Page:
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Indian J Anaesth. 2016 Dec;60(12):915-921. doi: 10.4103/0019-5049.195484.

All India Difficult Airway Association 2016 guidelines for the management of anticipated difficult extubation.

Author information

  • 1Department of Anaesthesiology and Critical Care, JIPMER, Puducherry, India.
  • 2Department of Onco-Anaesthesiology and Palliative Medicine, Dr BRAIRCH, All India Institute of Medical Sciences, New Delhi, India.
  • 3Kailash Cancer Hospital and Research Centre, Vadodara Institute of Neurological Sciences, Vadodara, Gujarat, India.
  • 4Department of Anaesthesiology and Critical Care, J N Medical College and Hospital AMU, Aligarh, Uttar Pradesh, India.
  • 5Department of Anaesthesiology, Kasturba Medical College, Manipal, India.
  • 6Department of Anaesthesiology, Critical Care and Pain, Tata Memorial Hospital, Mumbai, Maharashtra, India.
  • 7Department of Anaesthesiology and Critical Care, K S Hegde Medical Academy, Nitte University, Mangalore, Karnataka, India.
  • 8Department of Anaesthesiology, All India Institute of Medical Sciences, New Delhi, India.
  • 9Kanchi Kamakoti CHILDS Trust Hospital, Chennai, Tamil Nadu, India.
  • 10Department of Anaesthesiology, North Bengal Medical College, Darjeeling, West Bengal, India.


Extubation has an important role in optimal patient recovery in the perioperative period. The All India Difficult Airway Association (AIDAA) reiterates that extubation is as important as intubation and requires proper planning. AIDAA has formulated an algorithm based on the current evidence, member survey and expert opinion to incorporate all patients of difficult extubation for a successful extubation. The algorithm is not designed for a routine extubation in a normal airway without any associated comorbidity. Extubation remains an elective procedure, and hence, patient assessment including concerns related to airway needs to be done and an extubation strategy must be planned before extubation. Extubation planning would broadly be dependent on preventing reflex responses (haemodynamic and cardiovascular), presence of difficult airway at initial airway management, delayed recovery after the surgical intervention or airway difficulty due to pre-existing diseases. At times, maintaining a patent airway may become difficult either due to direct handling during initial airway management or due to surgical intervention. This also mandates a careful planning before extubation to avoid extubation failure. Certain long-standing diseases such as goitre or presence of obesity and obstructive sleep apnoea may have increased chances of airway collapse. These patients require planned extubation strategies for extubation. This would avoid airway collapse leading to airway obstruction and its sequelae. AIDAA suggests that the extubation plan would be based on assessment of the airway. Patients requiring suppression of haemodynamic responses would require awake extubation with pharmacological attenuation or extubation under deep anaesthesia using supraglottic devices as bridge. Patients with difficult airway (before surgery or after surgical intervention) or delayed recovery or difficulty due to pre-existing diseases would require step-wise approach. Oxygen supplementation should continue throughout the extubation procedure. A systematic approach as briefed in the algorithm needs to be complemented with good clinical judgement for an uneventful extubation.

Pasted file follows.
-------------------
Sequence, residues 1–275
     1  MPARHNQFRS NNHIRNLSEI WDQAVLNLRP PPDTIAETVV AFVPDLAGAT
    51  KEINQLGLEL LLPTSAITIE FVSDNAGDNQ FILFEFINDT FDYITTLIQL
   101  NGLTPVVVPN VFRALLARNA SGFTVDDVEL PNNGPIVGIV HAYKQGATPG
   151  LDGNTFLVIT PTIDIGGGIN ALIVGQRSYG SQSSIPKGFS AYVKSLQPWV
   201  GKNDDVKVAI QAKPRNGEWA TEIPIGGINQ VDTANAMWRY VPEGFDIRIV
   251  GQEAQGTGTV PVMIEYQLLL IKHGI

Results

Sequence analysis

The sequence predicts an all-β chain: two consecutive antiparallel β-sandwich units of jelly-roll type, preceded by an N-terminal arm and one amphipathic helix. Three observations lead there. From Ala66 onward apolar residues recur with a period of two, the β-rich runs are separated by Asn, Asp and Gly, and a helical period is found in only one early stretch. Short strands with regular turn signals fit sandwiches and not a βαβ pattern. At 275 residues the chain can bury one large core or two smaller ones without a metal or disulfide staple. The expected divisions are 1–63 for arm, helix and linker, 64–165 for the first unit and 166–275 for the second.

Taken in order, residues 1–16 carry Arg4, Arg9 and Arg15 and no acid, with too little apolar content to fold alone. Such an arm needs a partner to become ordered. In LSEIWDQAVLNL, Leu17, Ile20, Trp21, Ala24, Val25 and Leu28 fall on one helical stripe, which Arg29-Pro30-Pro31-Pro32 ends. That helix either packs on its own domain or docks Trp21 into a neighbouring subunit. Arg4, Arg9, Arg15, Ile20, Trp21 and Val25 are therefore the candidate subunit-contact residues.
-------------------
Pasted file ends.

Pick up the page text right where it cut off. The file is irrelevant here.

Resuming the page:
Airway exchange catheter; difficult airway; extubation; reintubation; supraglottic airway device

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